Scots and Scotland in the Oxford Dictionary of National Biography
The Oxford Dictionary of National Biography (www.oxforddnb.com) tells the life stories of more than 60,000 men and women who have shaped British history worldwide. Of these, more than 6000 were born or lived in Scotland, or left their mark on aspects of Scottish life—from politics to sport, industry to the arts.
In October 2009 the Oxford DNB further extended its Scottish coverage with a set of new biographies (including Christian Fletcher and Jean Armour)—together with a feature on the ‘Faces of Scotland’ highlighting major figures from Scotland’s past.
Together these subjects span 1500 years of Scottish history, beginning with the sixth-century St Moluag (said to have arrived on Lismore on a stone ‘like no other’) and concluding with close contemporaries such as actor and comedian Rikki Fulton (1924–2004) and politician Robin Cook (1946-2005).
The Oxford DNB is a subscriber service and the following searches require subscriber access through a public or university library - find out how to subscribe.
Online access is available free via nearly all public libraries in Scotland (and also across the UK). Libraries now provide ‘remote access’ allowing you to log-in free—from anywhere, at anytime—via your public library’s account. More details on free access >
1. Find people
With the online edition of the Oxford DNB you can search for people
- by name (including nicknames, pseudonyms, married names, title names and more)
- by date or date range
- by place of birth, baptism, education, residence (including street, where known), death, and burial
- by ‘profession’ (we have 1300 on offer: from wrestlers to helminthologists)
- by religious affiliation (from ‘Wee Frees’ to Magic Methodists)
This means you can quickly discover
- by what name novelist Leslie Mitchell is better known
- the supposed profession of John O’Groats
- which Scottish sporting heroes were known to many as ‘Slim Jim’ and the ‘Mermaid’
- aside from Adam Smith, who was baptized in Kirkcaldy
- which literary figures come from Aberdeen
- who was born on St Andrews Day, or on your birthday
- which Scottish kings and commoners are buried on Iona
- the identities and claim of the Seven Men of Knoydart
- which engineers were educated in Victorian Glasgow
- who lived alongside Sir Walter Scott in Castle Street, Edinburgh, in 1820
2. Search for words, references, and images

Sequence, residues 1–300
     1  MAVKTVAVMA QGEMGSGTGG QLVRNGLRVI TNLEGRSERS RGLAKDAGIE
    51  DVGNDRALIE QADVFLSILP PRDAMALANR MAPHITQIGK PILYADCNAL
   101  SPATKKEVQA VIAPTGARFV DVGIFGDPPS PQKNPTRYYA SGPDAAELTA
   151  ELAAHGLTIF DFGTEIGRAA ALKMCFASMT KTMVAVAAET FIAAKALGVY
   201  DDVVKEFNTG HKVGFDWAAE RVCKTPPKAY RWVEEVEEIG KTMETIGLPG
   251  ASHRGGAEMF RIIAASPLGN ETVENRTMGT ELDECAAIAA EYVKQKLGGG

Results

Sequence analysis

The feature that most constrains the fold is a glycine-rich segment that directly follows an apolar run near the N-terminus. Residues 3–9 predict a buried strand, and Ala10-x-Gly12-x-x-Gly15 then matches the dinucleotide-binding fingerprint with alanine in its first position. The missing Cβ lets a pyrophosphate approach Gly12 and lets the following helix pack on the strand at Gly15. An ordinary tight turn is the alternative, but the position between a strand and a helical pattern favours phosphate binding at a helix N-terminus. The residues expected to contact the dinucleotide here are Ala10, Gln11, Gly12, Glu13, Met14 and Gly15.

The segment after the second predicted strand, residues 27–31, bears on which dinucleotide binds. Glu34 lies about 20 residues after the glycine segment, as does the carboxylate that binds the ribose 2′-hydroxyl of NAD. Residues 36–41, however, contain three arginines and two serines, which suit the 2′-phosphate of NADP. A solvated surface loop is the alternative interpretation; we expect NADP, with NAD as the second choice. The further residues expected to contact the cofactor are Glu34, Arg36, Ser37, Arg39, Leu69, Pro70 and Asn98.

Online you can also search the Dictionary’s 65 million words of text; its listings of individuals’ archives, likenesses, and wealth at death; and its 10,500 portrait images which accompany 1 in 5 biographies, making this the largest published collection of national portraiture. Which means you can also find:
- the number of references to ‘golf’ in the ODNB (633) and to the same term in book titles (28)
- the number of sons (and daughters) of the manse
- which Scottish politician regularly ate fish fingers for Christmas dinner
- how many ODNB subjects have portraits in the Scottish National Portrait Gallery
- who left a ‘parcell of Old Bagpipes’ in his will
- how many portraits by Henry Raeburn are used to illustrate the ODNB (then click on an icon to view the portrait)
3. New biographies published three times a year
Since publication in September 2004, the Oxford DNB has been extended three times each year with online updates published every January, May, and October.
January updates add biographies of men and women who died in the early twenty-first century, while those for May and October add people from the ‘earliest times’ to 2000. Recent updates include a special focus on First World War lives to mark the 90th anniversary of the armistice.
Of the more than 2000 men and women added to the ODNB since 2004, examples include:
- Jimmy Knapp (1940–2001), trade unionist
- David MacDonald (1929-2004), director of the Glasgow Citizens’ Theatre
- Murdo Macdonald (1914–2004), Church of Scotland minister
- Elizabeth Dodd (1909-1989), children’s writer and creator of Tammy Troot
- George Bennie (1891–1957), Glasgow inventor and creator of the ‘rail plane’
- Abram Lyle (1820-1891), Renfrewshire sugar refiner and creator of Golden Syrup
- Margaret Sinclair (1925-1925), Poor Clare Nun
- Bessie Williamson (1910–1982), whisky distiller for the Laphroaig distillery
4. Themes for quick reference and research
As well as new biographies, updates have added more than 450 articles to create a new Themes area of the online Oxford DNB.
Themes provide an expanding online 'handbook' to the people who shaped British history worldwide. Themes take three forms—lists, groups, and features—and are useful for quick reference, making connections between people, and as routes into the main dictionary (all individuals mentioned link back to the full biography for further reading).
- Scottish-related content includes lists of Scottish monarchs (842-1707); moderators of the Church of Scotland; Lord Chancellors of Scotland, and Secretaries of State for Scotland
- Scottish-related groups include the Jacobites of 1715 and 1745, the Aberdeen Wise Club, the Scottish Martyrs, the scientists of the North British Network, the Red Clydesiders, and the writers of the Scottish literary renaissance
- Scottish-related features include Dr Michael Penman (Stirling University) on medieval Scottish kingship and Dr Alex Murdoch (Edinburgh University) on the Act of Union of 1707
5. Getting the most from your subscription
- Topical history: regular features linking people in the past to current anniversaries. Examples include the Armistice, Faces of Sgt Pepper, and Football Legends.
- Interactive features: maps and galleries include Lives at sea, Brewers of Britain, and Victoria Cross holders, alongside a regular biography podcast.
- Five lives: 20 unusual routes into the dictionary’s content